What is “Loan Syndication?”
Loan syndication refers to a group of lenders who collaborate together to provide a single (usually large) loan to a borrower. The collaboration is usually through an intermediary (or lead financial institution), which organizes and administers the syndicated loan on behalf of other lenders in the syndicate. In loan syndication, the credit risk vis-à-vis the loan is spread among the group of lenders and each lender contributes to part of the loan amount.
The lead financial institution usually puts together a syndicated loan offering and gets other lenders (i.e. multiple lenders) together. Loan syndication is required when a company may be wanting a loan that is too large (for example, US$2 billion) for any single lender, or in such cases when a project is unusually large or complex, for example, an infrastructure project. It may involve a group of lenders (or investors) who specialize in a certain part of the project and bring their own expertise.
Usually, there is only one loan agreement for the entire syndicate and the primary (or lead) lender conducts the due diligence and oversees the contract and subsequent loan monitoring (to keep costs down). Each lender’s risk is usually limited to its share of the loan amount. Loans such as these tend to incur initial fees to set up and ongoing fees (to be paid by the borrower) and the primary lender usually takes a large proportion (if not all) of the initial fees to cover the work involved.
Key Learning Points
- Loan syndication is when a group of leaders comes together to offer a single loan to a business or the corporation
- Loan syndication is typical when the loan amount is either too large or too risky for a single lending institution to undertake alone
- There are three types of loan syndication: underwritten deal, best-effort syndication, and club deal
- In loan syndication, the lead bank identifies potential lending partners to fulfill the borrowing requirements of this company
Loan Syndication – Types
There are three types of loan syndication.
The first type is an ‘underwritten deal’ in which the lead bank, agent, or underwriter assumes most of the risk and takes on the entire issuance (i.e. guarantees the entire loan) with the expectation that they will place the loans successfully with other lenders i.e. the syndication. In other words, the lead institution syndicates the entire loan.
The second type of loan syndication is a ‘best effort syndication’ which is typically used for complex loans or risky credits. In this case, the lead bank or agent will only commit to raising what it can from its own contribution plus other lenders. It does not commit to or guarantees the entire loan amount. In this type of loan syndication, the borrower may have to accept a lower loan amount if the offer does not attract any further lenders. In some cases, the loan can be canceled entirely too.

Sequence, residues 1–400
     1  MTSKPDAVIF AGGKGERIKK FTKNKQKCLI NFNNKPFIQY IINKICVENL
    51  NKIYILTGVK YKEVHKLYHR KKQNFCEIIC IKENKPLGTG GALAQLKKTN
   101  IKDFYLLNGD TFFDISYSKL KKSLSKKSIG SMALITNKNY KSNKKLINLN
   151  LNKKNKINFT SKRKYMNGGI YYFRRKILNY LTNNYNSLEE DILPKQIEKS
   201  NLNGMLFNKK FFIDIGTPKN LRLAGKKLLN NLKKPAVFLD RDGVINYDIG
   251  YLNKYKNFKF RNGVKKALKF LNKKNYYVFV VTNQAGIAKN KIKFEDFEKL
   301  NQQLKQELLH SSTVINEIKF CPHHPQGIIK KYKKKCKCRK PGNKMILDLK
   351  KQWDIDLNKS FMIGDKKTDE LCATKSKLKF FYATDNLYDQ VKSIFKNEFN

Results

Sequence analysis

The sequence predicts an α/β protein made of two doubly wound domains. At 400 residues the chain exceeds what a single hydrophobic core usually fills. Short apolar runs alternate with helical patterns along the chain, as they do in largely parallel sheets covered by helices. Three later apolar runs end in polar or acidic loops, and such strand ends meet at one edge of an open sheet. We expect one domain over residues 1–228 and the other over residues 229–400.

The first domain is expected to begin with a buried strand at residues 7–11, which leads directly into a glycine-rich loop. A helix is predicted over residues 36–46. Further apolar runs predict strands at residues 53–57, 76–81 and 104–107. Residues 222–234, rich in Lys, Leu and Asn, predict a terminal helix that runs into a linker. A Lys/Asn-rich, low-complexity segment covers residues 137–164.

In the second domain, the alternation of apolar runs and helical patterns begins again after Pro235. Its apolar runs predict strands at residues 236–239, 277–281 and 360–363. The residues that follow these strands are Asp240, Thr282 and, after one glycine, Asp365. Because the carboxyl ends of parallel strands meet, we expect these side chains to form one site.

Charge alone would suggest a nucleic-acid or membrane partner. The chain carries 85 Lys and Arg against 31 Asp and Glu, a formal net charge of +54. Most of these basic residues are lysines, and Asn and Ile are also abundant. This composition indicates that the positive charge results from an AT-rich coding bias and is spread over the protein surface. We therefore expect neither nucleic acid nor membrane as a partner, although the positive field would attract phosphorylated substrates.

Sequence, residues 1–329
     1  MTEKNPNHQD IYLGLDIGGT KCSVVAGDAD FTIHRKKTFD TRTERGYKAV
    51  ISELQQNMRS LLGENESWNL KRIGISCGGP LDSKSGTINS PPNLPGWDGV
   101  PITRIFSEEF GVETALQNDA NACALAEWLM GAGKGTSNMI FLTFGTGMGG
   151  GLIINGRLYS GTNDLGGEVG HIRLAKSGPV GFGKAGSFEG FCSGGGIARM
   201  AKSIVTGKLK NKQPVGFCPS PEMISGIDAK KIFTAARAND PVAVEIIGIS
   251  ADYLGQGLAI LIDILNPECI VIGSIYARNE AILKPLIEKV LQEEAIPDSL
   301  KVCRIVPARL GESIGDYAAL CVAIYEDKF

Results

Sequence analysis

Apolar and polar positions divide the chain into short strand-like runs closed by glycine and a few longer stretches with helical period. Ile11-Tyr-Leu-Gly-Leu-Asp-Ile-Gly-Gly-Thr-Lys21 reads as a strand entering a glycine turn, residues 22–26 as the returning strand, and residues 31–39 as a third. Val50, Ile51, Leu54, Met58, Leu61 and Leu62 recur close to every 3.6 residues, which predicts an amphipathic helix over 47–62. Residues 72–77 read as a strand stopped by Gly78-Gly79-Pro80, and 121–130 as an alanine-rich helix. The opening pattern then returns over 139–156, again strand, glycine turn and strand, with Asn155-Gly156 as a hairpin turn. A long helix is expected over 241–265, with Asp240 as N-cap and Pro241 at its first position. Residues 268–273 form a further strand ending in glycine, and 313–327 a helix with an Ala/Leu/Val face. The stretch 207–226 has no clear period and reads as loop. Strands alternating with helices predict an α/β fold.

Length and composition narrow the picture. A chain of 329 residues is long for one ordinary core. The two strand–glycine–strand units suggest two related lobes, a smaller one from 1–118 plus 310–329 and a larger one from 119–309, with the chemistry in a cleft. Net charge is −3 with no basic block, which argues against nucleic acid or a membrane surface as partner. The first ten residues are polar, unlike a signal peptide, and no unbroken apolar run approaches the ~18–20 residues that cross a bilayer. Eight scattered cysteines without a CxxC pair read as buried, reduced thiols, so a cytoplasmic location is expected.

The third type of loan syndication is the ‘club deal’. This type of syndication typically involves a smaller loan amount and the lead bank or agent and other lenders of the syndicate share equally, or nearly equal portions of the fees earned from the loan.
Loan Syndication – An Example
Given below is an example of loan syndication, where a company is seeking a loan of US$250,000. The company wants the total syndicated loan principal of US$250,000 to be disbursed in two tranches of US$125,000 each with a total tenor (or term) of six months.
In both the tranches, the company wants to draw down the amount in three stages on the dates specified in the table. Further, in both the tranches, the company wants to draw down 40%, 30%, and 30% of each tranche in three stages (i.e. months).
The borrower has a contract under the syndication agreement with the lead or arranger bank. Under this contract, the loan is disbursed to the company as drawdowns under the tranches as per the syndication agreement.
For the first tranche, where US$125,000 has to be disbursed, the lead or arranger bank (Bank A) now identifies Bank B and Bank C as the possible funding partners or sources from which funding can be obtained to meet the loan requirements of this company. The ratio of participation or the funding load that is proposed to be shared between these banks vis-à-vis the first tranche is 20%, 40%, and 40% respectively of the first tranche of US$125,000.
Next, for the second tranche, where US$125,000 has to be disbursed, the lead or arranger bank (Bank A) now identifies Bank D and Bank E as the possible funding partners or sources from which funding can be obtained to meet the loan requirements of this company. The ratio of participation vis-à-vis the second tranche is 20%, 50%, and 30% respectively of the second tranche of US$125,000.
The approved loan contributions of each bank in this syndicated loan would be credited to a common syndication pool before each drawdown is due (on the dates specified in both the tables).